4) Speaking of Phedre and trouble, what do you make of the ‘relationship’ building between her and Melisande?
I see terrible things on the horizon for Phedre when it comes to Melisande. We see how Melisande is willing to use anyone to get what she wants and then toss them aside. And I wonder if Phedre might not become a pawn in the game that Melisande is playing that can be sacrificed when her usefulness has come to an end.
I also wonder if Melisande sees a reflection of her younger self in Phedre and that may be part of what the attraction is. I think that Phedre is drawn to power and it could be interesting to see if and how she gets burned by Melisande. Or maybe she will find a way to turn the tables on Melisande.
3 responses to “Kushiel’s Dart Read-Along Week Three: Chapters 19 – 26”
#1, I’m not sure who could die that would be as shocking as Ned Stark, because we don’t really have a standard, honorable, fantasy hero anywhere. I guess if Delaunay dies, that would be a shock!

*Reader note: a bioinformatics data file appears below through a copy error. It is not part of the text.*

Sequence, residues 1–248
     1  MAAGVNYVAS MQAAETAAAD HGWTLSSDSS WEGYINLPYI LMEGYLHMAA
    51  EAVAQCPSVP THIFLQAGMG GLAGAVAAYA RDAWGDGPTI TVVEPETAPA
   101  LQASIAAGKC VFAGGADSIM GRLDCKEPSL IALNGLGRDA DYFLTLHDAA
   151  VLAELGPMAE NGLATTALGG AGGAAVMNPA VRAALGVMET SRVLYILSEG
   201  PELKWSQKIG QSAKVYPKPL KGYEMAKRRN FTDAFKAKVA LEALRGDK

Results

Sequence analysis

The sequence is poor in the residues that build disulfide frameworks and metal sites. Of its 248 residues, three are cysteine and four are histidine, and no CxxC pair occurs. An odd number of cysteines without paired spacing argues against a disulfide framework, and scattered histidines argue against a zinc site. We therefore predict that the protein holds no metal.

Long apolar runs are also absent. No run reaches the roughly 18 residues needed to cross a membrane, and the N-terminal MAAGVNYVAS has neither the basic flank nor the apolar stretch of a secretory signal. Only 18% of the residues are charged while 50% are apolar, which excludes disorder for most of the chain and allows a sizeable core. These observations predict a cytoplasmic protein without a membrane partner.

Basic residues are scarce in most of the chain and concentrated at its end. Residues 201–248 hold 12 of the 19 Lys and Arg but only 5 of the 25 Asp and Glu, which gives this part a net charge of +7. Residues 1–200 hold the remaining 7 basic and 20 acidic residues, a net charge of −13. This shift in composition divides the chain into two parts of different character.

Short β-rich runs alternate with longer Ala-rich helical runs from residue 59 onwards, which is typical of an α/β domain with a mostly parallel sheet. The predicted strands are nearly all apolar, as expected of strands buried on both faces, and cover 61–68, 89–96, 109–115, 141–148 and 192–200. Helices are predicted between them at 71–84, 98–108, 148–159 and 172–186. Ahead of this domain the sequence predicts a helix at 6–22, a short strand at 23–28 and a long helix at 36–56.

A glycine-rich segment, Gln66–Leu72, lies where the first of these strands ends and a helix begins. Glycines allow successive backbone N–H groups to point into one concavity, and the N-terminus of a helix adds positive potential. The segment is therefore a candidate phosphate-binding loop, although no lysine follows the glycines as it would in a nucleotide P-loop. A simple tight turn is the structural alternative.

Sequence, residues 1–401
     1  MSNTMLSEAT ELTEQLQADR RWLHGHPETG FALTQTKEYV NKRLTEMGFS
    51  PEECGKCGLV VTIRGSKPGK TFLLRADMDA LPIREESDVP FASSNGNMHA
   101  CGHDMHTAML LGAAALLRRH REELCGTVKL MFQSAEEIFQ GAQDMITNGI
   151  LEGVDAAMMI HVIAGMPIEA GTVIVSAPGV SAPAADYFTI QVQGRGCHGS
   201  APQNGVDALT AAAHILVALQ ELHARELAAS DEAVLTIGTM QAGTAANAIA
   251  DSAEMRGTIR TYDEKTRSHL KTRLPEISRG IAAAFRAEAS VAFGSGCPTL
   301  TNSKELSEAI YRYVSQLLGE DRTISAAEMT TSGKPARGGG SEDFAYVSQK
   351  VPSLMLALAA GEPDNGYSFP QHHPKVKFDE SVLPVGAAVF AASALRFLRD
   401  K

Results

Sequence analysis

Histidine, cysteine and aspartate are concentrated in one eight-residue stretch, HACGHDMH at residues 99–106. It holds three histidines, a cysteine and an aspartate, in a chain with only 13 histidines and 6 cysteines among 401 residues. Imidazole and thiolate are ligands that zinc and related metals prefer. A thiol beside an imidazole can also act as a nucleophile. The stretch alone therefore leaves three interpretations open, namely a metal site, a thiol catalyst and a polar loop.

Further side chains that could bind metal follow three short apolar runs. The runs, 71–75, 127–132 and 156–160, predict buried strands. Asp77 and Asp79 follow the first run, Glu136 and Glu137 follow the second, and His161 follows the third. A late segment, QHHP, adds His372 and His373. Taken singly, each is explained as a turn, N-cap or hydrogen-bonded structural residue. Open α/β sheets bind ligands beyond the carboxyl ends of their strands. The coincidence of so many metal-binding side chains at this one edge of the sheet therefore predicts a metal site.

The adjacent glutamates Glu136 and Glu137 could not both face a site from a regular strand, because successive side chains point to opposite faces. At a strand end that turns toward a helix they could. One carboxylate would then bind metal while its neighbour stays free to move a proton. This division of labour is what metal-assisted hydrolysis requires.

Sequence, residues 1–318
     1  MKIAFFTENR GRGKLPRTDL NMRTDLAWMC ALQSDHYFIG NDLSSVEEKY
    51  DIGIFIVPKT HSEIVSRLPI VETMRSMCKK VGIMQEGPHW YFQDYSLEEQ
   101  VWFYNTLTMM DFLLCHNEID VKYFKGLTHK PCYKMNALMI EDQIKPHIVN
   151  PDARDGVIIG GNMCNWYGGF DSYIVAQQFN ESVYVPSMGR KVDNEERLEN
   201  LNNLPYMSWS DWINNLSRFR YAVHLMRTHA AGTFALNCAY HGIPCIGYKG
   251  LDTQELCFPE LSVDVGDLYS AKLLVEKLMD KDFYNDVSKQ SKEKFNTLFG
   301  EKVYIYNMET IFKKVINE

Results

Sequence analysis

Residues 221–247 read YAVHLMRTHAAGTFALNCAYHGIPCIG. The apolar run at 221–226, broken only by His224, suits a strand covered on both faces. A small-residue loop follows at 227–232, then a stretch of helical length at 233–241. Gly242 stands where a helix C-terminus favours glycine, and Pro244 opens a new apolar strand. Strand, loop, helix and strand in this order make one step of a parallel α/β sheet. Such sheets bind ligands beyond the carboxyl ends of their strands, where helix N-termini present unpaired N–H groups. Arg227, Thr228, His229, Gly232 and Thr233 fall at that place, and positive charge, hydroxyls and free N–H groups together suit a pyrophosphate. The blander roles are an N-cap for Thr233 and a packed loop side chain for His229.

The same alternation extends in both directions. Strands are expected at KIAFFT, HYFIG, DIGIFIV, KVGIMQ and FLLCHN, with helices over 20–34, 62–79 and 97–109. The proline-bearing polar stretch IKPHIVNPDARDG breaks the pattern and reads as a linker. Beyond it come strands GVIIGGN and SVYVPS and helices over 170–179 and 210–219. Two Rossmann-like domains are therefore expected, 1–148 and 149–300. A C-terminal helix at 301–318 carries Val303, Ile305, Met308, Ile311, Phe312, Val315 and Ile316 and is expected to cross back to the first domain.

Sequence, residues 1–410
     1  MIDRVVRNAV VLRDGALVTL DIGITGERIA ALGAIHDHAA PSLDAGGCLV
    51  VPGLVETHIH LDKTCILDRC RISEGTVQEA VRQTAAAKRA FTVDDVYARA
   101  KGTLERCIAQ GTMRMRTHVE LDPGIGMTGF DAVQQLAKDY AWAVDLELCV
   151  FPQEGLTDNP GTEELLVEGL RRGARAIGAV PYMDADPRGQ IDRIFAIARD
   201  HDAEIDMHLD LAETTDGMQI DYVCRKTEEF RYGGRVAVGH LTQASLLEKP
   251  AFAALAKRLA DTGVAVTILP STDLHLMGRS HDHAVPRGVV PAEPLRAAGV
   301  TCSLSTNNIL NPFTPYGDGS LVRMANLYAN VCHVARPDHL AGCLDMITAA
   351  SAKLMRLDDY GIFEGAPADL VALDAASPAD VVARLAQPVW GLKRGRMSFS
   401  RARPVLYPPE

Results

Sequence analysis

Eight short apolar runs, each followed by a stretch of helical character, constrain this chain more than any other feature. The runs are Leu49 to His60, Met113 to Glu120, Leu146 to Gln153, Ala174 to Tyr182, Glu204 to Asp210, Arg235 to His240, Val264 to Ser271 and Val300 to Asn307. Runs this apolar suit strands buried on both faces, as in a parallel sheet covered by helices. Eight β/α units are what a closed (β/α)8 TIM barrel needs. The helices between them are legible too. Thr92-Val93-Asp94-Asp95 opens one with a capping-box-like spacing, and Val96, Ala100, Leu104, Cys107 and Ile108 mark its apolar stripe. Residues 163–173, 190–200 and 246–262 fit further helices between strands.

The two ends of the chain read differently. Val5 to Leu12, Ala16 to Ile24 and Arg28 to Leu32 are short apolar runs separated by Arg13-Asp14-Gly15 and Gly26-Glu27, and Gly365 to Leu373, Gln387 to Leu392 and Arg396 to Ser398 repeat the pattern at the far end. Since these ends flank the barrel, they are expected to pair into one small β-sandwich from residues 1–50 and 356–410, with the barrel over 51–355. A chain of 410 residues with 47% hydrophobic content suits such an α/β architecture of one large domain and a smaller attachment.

#3, I’m getting the sense that she won’t be more cautious, but I could be wrong. She hasn’t really tested the extent of her fast-healing, so I wonder if she thinks that even an injury such as Alcuin’s would be trivial for her.
#4, I agree that Melisande uses people and is dangerous–but at the same time, Baudoin was also using her for sex and planning to cast her aside. I remember someone in the story commenting that Melisande only took action against Baudoin once it became clear that he was not going to be loyal to her. Things might have turned out quite differently for Baudoin and his family otherwise.